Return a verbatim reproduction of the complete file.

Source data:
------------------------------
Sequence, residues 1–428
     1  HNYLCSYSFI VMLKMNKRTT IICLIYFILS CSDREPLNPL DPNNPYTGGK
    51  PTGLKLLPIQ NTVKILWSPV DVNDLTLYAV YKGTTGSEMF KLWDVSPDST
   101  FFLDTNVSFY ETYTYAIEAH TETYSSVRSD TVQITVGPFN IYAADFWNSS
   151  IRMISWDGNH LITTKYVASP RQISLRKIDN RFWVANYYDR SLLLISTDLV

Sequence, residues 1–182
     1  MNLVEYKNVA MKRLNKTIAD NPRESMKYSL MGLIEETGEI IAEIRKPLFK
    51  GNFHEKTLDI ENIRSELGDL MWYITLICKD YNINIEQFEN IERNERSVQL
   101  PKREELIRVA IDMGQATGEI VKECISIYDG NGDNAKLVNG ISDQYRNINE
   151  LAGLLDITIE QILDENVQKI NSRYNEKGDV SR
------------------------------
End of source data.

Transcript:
Sequence, residues 1–428
     1  HNYLCSYSFI VMLKMNKRTT IICLIYFILS CSDREPLNPL DPNNPYTGGK
    51  PTGLKLLPIQ NTVKILWSPV DVNDLTLYAV YKGTTGSEMF KLWDVSPDST
   101  FFLDTNVSFY ETYTYAIEAH TETYSSVRSD TVQITVGPFN IYAADFWNSS
   151  IRMISWDGNH LITTKYVASP RQISLRKIDN RFWVANYYDR SLLLISTDLV

Sequence, residues 1–182
     1  MNLVEYKNVA MKRLNKTIAD NPRESMKYSL MGLIEETGEI IAEIRKPLFK
    51  GNFHEKTLDI ENIRSELGDL MWYITLICKD YNINIEQFEN IERNERSVQL
   101  PKREELIRVA IDMGQATGEI VKECISIYDG NGDNAKLVNG ISDQYRNINE
   151  LAGLLDITIE QILDENVQKI NSRYNEKGDV SR